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Walk-in Clinics Providing TB Skin Testing to MA Patients
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Departments » Health & Human Services-Public Health » Family Health
General Information

TB Tests

How is TB diagnosed?
There are two kinds of tests that can be used to help detect TB infection - the TB blood test and the TB skin test. A positive TB blood test or TB skin test only tells that a person has been infected with TB bacteria. It does not tell whether or not the person has progressed to TB disease. Other tests, such as a chest X-ray and a sample of sputum, are needed to see whether the person has TB disease.

Who should get a TB test?
You should get tested for TB if:
  • You have spent time with a person known to have active TB disease or suspected to have active TB disease; or
  • You have HIV infection, drink heavily, are an intravenous drug user, or have another condition that weakens the immune system and puts you at high risk for active TB disease; or
  • You think you might have active TB disease; or
  • You are from a country where active TB disease is very common (most countries in Latin America and the Caribbean, Africa, Asia, Eastern Europe, and Russia); or
  • You live somewhere in the United States where active TB disease is more common such as a homeless shelter, migrant farm camp, prison or jail or long-term care facility.
How Should I Get Tested for TB?
Brown County Public Health Division offers the TB blood test (T-SPOT) and the TB skin test.

  • TB Blood Test: This test is the only TB test with a sensitivity and specificity greater than 95%. Centers for Disease Control and Prevention recommends the T-SPOT®.TB blood test over the TST in all situations requiring TB testing. The TB blood test requires only one trip to the Public Health Division. Results will be sent to you in the mail, typically within 1 week.
  • TB Skin Test: Separate appointments are needed for the administration and the reading of the test. Appointments for the administration of TB skin tests are available on Mondays, Tuesdays, Wednesdays and Fridays. The skin test must be read by the Public Health Division staff within 48-72 hours. If the TB skin test is positive, you will be referred to your provider for additional follow-up. (A TB blood test will be needed that same day a skin test is read positive. If not, a 3-6 month interval between the TB skin test and blood test is recommended to prevent a false positive.)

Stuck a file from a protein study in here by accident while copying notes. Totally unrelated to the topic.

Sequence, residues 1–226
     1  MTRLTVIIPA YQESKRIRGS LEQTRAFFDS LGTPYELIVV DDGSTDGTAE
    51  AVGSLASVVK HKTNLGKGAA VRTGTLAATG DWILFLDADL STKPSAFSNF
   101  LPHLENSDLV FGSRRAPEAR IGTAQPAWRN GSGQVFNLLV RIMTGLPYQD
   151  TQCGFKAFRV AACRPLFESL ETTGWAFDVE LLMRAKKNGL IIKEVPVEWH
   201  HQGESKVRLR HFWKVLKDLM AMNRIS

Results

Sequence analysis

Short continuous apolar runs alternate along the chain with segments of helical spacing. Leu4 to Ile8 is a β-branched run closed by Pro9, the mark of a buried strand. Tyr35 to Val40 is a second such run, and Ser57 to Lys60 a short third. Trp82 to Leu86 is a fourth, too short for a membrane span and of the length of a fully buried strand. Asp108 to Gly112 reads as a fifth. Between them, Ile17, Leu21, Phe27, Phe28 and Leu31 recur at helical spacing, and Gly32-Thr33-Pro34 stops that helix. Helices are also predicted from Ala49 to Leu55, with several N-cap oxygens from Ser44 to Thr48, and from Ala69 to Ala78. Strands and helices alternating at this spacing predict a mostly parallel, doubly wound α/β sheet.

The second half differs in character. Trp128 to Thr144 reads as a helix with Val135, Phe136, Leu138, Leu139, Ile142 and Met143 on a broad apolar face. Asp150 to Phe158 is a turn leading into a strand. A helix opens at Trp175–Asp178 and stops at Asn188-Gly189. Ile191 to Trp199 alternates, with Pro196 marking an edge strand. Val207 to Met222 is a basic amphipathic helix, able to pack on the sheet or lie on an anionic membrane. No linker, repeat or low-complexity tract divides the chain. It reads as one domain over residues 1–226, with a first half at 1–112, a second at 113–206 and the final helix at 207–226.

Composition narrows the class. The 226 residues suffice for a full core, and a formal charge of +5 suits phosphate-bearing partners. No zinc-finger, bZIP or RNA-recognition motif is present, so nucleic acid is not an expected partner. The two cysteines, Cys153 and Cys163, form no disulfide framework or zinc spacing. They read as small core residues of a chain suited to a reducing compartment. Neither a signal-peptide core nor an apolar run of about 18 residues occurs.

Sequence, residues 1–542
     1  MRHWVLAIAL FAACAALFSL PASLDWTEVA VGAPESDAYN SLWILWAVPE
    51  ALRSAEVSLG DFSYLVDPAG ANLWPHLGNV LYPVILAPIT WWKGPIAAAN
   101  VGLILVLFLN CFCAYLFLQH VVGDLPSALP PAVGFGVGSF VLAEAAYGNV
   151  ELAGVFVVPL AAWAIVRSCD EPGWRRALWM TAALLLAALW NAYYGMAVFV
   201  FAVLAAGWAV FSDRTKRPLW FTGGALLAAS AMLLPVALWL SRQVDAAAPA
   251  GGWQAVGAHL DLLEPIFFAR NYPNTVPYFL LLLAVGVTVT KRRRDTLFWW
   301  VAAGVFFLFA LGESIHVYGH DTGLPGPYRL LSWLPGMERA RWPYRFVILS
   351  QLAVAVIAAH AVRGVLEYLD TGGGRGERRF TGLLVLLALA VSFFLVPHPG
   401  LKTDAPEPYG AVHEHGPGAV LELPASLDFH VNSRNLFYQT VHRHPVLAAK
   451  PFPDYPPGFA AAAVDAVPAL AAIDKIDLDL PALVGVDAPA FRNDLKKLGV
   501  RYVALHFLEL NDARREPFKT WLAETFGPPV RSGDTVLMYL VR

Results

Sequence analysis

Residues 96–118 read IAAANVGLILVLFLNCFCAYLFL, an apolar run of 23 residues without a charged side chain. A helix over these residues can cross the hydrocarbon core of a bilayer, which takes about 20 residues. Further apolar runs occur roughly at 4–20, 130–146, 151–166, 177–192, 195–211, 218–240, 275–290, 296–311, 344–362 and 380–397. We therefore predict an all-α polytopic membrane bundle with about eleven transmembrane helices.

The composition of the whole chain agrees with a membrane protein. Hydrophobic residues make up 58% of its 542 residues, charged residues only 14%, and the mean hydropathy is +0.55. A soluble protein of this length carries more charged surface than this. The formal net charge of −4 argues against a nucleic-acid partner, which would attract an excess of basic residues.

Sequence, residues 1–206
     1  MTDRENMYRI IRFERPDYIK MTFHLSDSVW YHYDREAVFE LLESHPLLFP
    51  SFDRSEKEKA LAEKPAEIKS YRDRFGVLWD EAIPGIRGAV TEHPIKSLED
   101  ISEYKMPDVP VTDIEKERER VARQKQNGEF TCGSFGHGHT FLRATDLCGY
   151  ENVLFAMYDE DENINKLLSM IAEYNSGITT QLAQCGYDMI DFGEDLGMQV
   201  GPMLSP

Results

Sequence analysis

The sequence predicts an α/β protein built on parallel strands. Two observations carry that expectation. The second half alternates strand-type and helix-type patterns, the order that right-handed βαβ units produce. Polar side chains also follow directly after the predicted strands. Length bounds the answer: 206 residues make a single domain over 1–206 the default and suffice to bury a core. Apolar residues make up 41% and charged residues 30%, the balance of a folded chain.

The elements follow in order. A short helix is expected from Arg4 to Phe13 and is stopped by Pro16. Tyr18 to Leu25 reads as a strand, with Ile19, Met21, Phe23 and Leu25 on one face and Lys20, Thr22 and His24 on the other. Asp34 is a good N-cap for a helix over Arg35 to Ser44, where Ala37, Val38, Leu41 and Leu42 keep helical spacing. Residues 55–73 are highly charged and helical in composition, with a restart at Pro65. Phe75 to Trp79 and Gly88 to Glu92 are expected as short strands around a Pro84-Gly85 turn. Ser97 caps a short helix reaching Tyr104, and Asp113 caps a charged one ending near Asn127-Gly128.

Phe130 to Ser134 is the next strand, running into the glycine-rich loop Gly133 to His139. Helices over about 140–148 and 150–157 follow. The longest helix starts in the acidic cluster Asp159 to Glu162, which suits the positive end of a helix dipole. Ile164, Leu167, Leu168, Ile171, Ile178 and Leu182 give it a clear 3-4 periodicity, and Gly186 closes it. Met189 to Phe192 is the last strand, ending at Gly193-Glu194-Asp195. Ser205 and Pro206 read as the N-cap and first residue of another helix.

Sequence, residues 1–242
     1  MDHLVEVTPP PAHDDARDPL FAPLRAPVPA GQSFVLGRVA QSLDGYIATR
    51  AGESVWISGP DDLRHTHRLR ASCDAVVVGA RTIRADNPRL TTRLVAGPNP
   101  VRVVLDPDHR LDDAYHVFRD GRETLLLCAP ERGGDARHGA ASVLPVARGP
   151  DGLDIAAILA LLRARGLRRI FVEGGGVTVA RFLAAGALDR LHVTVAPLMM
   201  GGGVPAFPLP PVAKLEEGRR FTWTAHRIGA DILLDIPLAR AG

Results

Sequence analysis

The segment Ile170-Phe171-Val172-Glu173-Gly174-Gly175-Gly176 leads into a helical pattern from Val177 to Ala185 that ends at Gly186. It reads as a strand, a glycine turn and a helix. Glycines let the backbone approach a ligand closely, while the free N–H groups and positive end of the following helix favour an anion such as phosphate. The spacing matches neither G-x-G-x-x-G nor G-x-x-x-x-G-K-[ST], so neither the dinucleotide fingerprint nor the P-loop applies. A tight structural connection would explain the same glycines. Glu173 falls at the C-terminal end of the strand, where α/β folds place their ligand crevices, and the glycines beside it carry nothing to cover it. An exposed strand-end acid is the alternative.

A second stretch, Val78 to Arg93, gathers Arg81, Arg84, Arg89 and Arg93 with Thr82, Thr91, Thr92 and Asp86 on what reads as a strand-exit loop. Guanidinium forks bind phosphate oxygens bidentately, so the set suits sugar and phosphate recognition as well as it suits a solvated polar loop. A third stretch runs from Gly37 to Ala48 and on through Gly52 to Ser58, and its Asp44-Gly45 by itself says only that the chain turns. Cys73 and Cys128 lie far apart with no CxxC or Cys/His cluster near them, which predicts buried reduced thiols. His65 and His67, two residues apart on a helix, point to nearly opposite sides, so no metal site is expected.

• Two-step TB Skin Tests: Those required to have two-step skin testing need to arrange to come in for two TB skin tests. If the first TB skin test is negative, then a second TB skin test would need to be given 7-21 days after the first test. There is a fee for each TB skin test.
(Most agencies will accept one TB blood test in place of the two-step skin test.)
Cost per test:T-SPOT®.TB Test (T-Spot)$70.00
Tuberculin Skin Test (TST)$20.00

We accept cash, check or credit/debit card.
The TB blood test is covered by Medical Assistance and most insurance companies.
Vaccination with live viruses (i.e., MMR, chickenpox, FluMist) may interfere with the TB test. The TB test can be done on the same day as a live virus vaccine or at least 4 weeks after the administration of the live virus vaccine.
T-SPOT.TB TestTuberculin Skin Test
A single visit is requiredYesNo; requires at least two visits
No return visit for resultsYesNo; requires a return visit for reading in 48-72 hours
TB test with high sensitivityYesNo; limited sensitivity, especially in the immunosuppressed
TB test with high specifcityYesNo; limited specificity
Does not cross react with most non-tuberculosis mycobacteriaYesNo; cross reacts with several non-tuberculosis mycobacteria
Objective tests resultsYesNo; subjectivity with intrepretation of results

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